A powerful solution to the global spread of antimicrobial resistance could soon become available, thanks to A*STAR researchers, who have come up with a physical and green alternative to biochemically active antibacterial agents.
Typically transmitted by contact with contaminated surfaces, bacterial infections pose serious health threats in medical settings. Small molecular antibacterial agents, which are commonly used in antiseptics, disinfectants, and preservatives, and other consumer care products, can prevent cross-infection by annihilating bacteria on frequently touched surfaces. However, their overuse contributes to antimicrobial resistance. These toxic and persistent substances can also harm the environment by disrupting the ecological balance of soils and endangering aquatic life.
In response to this, Yugen Zhang and Yuan Yuan, from the Institute of Bioengineering and Nanotechnology have developed nanostructured surfaces that destroy bacteria through physical, rather than biochemical interactions (Nanomedicine: Nanotechnology, Biology, and Medicine, “Enhanced biomimic bactericidal surfaces by coating with positively-charged ZIF nano-dagger arrays”). These surfaces mimic the antimicrobial patterns formed by ultra-small pillars on cicada wings. “In addition to being clean and safe, this technology does not require externally applied chemicals,” says Zhang.
The researchers added a zinc-based solution to various surfaces, including rubber, glass, wood, and metal foil, then immersed the surfaces in an aqueous solution containing amine-rich 2-methylimidazole to form a so-called zeolitic imidazolate framework coating. The coating consisted of an array of tiny, positively charged dagger-like crystals that grew perpendicularly to the substrates.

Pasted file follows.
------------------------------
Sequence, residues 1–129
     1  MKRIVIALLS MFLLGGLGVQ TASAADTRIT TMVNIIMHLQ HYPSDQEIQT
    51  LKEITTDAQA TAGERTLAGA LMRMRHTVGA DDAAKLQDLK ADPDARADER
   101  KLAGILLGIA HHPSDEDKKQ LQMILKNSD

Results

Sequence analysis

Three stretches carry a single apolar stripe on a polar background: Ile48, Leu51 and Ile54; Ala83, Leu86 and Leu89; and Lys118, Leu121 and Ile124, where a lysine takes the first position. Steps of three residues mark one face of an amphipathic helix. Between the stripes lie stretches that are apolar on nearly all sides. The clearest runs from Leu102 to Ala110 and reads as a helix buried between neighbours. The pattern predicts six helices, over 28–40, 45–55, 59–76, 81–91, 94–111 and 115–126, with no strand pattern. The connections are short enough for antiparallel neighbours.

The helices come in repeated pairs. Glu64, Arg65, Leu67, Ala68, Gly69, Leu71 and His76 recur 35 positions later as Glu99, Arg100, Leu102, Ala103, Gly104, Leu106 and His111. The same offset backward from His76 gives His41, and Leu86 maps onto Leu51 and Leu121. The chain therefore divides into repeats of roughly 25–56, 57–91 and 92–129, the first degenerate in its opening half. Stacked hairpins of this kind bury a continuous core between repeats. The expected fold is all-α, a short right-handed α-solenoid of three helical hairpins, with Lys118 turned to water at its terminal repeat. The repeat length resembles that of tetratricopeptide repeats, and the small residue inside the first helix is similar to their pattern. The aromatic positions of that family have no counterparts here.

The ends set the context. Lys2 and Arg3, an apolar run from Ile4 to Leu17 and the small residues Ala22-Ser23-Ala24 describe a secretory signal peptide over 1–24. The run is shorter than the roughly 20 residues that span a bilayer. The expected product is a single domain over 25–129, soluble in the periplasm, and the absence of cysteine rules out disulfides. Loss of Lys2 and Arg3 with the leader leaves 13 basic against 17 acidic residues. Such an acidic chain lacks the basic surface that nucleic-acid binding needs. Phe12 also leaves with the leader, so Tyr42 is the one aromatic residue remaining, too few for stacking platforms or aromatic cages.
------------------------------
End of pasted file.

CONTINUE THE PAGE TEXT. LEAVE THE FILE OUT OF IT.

“We used inexpensive materials and a simple method to create this nano-dagger structure on different types of surfaces,” says Zhang noting that his team had to try numerous formulas before finding the right growth conditions.
Regardless of the coated substrate, the nano-dagger arrays effectively killed the antibiotic-resistant bacteria Escherichia coli and Staphylococcus aureus as well as the fungus Candida albicans, demonstrating their broad applicability. They also retained their antibacterial activity when exposed four consecutive times to E. coli over two months, proving their durability.
According to Zhang, the positive charges positioned on the nano-daggers first attract bacterial cells that bear negatively charged membranes, making them stick to the coated surface. Next, the sharp nano-dagger tips rip the cell membranes open through electrostatic and gravitational forces.
“We are really excited about the excellent bacterial killing property of this technology and believe that it will have wide-ranging applications in real life,” says Zhang. His team is currently working on developing nano-dagger surface prototypes and other antimicrobial nano-patterned surfaces using different materials.